First: At the risk of employing the lowest form of humour, I can’t help but say that our fundamental liberties are being trampled on again. A fitness club has lost the right to enforce a dress code, and has been ordered to shell out $1900 to a man who wanted to wear hiking boots in the club. (decision is here)
You might be incredulous that the complainant couldn’t perform the very small portion of his workout regimen, indeed the only portion that required the hiking boots but no other equipment, in another place, even his own home. But you should be disgusted at the Tribunal’s definition of “disability”, under which grounds the complaint was substantiated. He suffered a “judo injury” a few years prior, from which he experienced “some pain”.
Under that definition, everyone who plays any manner of contact sports could classify as disabled, which in modern human-rights-land enables them to ride roughshod over the rights of others. As I’ve said many times before, it’s a slap in the face of the truly disabled for whom much of daily life is already a challenge.
Second: Here is my objection to the wrong-headed kirpan settlement in Ontario – my long-standing objection to religious accommodation in general. If it’s okay for a law-abiding Sikh to wear an 8-inch blade into courthouses, then it should be okay for any other law-abiding citizen to do the same. Ditto with niqabs in the witness stand – I should be able to testify with a ski-mask on. And as for Christians and Jews who demand the state intervene to force their employers to grant them time off for holy days, the same provision should be extended to all regardless of faith – or better yet, extended to nobody at all.
The state should never be in the position of determining the authenticity of a person’s faith and/or religion and its proceeding practice. Instead, they should only be concerned with balancing the security against its consequential and necessary suppression of liberty.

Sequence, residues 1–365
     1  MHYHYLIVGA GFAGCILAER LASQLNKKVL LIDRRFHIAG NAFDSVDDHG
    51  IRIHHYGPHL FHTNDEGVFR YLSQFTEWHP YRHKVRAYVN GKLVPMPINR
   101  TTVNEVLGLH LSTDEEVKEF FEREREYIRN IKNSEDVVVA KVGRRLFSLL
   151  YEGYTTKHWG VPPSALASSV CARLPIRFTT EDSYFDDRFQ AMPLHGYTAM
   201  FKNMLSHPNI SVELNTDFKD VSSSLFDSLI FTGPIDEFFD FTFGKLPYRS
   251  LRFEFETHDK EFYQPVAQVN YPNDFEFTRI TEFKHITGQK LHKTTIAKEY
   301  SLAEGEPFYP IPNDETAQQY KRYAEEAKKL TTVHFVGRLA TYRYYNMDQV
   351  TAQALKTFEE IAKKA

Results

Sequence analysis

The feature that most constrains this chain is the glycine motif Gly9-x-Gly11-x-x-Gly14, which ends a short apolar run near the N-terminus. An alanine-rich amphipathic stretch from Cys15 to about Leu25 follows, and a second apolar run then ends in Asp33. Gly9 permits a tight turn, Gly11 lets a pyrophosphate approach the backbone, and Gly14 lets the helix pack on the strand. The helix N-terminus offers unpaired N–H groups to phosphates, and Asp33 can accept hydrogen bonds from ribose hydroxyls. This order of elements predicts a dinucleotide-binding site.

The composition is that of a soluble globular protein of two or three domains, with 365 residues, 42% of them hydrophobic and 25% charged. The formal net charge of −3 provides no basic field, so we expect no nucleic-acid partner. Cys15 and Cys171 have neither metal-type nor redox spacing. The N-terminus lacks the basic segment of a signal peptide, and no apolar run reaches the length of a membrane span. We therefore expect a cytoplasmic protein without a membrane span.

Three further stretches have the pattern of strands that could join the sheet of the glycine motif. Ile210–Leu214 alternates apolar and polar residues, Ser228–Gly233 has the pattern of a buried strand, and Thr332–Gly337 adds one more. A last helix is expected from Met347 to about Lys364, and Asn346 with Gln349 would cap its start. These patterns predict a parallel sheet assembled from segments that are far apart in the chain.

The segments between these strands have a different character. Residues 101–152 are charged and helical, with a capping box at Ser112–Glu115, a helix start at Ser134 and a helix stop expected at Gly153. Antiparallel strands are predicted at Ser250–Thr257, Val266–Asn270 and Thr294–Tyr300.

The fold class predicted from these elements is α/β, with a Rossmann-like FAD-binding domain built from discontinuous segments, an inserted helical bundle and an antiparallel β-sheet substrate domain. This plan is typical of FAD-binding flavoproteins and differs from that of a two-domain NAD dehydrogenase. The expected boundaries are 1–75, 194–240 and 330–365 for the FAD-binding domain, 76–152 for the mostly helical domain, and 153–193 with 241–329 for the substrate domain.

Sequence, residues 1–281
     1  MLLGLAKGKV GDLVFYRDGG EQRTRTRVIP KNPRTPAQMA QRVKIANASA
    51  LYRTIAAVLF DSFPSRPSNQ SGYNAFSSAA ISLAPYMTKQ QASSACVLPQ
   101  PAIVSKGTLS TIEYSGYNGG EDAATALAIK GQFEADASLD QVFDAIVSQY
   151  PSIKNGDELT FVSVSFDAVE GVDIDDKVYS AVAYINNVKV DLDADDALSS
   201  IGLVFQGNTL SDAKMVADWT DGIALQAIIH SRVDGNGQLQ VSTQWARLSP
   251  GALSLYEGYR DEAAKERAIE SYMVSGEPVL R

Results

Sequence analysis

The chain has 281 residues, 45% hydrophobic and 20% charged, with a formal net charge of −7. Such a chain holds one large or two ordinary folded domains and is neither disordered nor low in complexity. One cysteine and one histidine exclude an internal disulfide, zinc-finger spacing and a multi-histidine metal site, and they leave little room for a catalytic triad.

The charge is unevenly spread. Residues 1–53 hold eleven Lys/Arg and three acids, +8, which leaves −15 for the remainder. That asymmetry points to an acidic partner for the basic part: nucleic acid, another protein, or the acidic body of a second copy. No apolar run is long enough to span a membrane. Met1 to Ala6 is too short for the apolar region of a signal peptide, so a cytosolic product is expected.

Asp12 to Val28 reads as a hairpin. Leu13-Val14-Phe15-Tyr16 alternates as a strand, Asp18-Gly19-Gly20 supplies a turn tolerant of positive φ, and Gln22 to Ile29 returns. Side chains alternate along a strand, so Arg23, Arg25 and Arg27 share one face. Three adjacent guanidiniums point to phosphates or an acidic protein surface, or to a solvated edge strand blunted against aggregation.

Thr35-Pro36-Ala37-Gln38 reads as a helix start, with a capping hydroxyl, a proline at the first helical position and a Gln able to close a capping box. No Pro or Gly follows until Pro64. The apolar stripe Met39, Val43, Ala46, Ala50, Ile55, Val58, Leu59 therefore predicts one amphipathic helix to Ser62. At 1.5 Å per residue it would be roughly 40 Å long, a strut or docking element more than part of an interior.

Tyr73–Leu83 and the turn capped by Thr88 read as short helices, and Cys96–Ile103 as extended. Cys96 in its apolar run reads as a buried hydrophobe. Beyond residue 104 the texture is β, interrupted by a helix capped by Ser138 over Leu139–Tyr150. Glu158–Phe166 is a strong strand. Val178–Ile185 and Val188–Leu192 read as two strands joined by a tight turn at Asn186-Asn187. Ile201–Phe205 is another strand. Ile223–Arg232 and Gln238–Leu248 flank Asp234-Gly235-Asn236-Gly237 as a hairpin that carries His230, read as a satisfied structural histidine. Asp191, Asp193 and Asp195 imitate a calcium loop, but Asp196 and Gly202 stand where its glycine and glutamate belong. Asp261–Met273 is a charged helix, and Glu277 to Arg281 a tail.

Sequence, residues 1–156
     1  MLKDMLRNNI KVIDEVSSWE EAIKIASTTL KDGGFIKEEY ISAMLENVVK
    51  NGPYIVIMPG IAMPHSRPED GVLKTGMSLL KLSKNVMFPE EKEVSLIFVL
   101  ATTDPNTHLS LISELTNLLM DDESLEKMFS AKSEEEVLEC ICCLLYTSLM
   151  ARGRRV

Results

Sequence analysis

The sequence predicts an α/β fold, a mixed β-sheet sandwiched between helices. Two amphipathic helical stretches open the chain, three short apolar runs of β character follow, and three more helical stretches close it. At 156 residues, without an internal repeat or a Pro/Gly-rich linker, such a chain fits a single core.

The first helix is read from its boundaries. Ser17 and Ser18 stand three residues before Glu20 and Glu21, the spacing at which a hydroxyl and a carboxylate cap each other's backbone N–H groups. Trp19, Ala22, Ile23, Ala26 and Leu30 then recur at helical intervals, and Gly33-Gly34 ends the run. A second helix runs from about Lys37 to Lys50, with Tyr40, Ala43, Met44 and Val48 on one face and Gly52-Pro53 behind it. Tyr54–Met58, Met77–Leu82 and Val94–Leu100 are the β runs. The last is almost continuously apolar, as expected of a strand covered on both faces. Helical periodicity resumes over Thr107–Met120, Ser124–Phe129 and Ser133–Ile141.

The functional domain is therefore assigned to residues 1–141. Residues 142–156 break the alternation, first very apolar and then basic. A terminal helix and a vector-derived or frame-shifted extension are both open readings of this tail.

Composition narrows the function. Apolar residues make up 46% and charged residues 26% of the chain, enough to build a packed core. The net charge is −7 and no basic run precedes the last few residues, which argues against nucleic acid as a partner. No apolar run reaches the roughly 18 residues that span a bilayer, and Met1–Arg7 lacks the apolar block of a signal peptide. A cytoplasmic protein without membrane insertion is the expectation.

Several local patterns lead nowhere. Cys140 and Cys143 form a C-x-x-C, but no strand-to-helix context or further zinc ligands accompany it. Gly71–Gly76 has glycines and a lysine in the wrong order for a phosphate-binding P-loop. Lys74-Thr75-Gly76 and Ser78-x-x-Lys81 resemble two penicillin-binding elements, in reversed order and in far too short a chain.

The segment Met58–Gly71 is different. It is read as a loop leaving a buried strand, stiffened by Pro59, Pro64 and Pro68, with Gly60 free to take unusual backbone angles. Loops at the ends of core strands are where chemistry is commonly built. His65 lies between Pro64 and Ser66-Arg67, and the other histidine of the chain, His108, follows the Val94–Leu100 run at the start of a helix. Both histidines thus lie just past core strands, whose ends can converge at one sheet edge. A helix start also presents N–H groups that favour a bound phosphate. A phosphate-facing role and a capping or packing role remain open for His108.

Tarek Fatah blames the capitulation on the “guilt-ridden, bleeding heart white liberals” like Barbara Hall.
Third: Acting Commissioner David Langtry has said as much before, but clearly he’s not backing down. He spoke at a conference at York University recently:
“I believe that the Canadian Human Rights Act is potentially a new tool to address poverty”
It was originally a tool to address discrimination. No amendments have been made to transform it into a weapon of wealth redistribution. But our CHRC appears to regard it as such.
Fourth: Where do failed election candidates end up? If they ran for the eventual ruling party, they get appointments to human rights tribunals. At least Robert Malo did.
Fifth: A human rights complaint is being filed by a Quebec bureaucrat working in the education ministry who was told to cease wearing symbols and slogans that support the province’s so-called “student strike”. Apparently it’s now your human right to openly demonstrate against your employer’s interests during work hours.
Sixth: Let me try this one out. If the infamous “bathroom bill” is passed in Ontario (a similar one has been introduced federally by MP Randall Garrison) , the entire concept of sex and gender becomes relative to one’s “identity” and “expression”, instead of their biology.
Can I try this too? I’d like to self-identify as Aboriginal when it comes to tax-time or should I ever come before a judge for sentencing. I shouldn’t need a doctor’s note to self-identify as disabled and force everyone to accommodate my whims (and footwear). I can self-identify as a woman when payday rolls around, so that I can demand the same pay as a male co-worker with far more experience and education but happens to have the same title. I could also self-identify as Cherokee when I want to score completely unearned points with university faculty. And, self-identifying as 19 would have helped me get me into bars or acquire my driver’s license at a biological, but arbitrary, age of 13…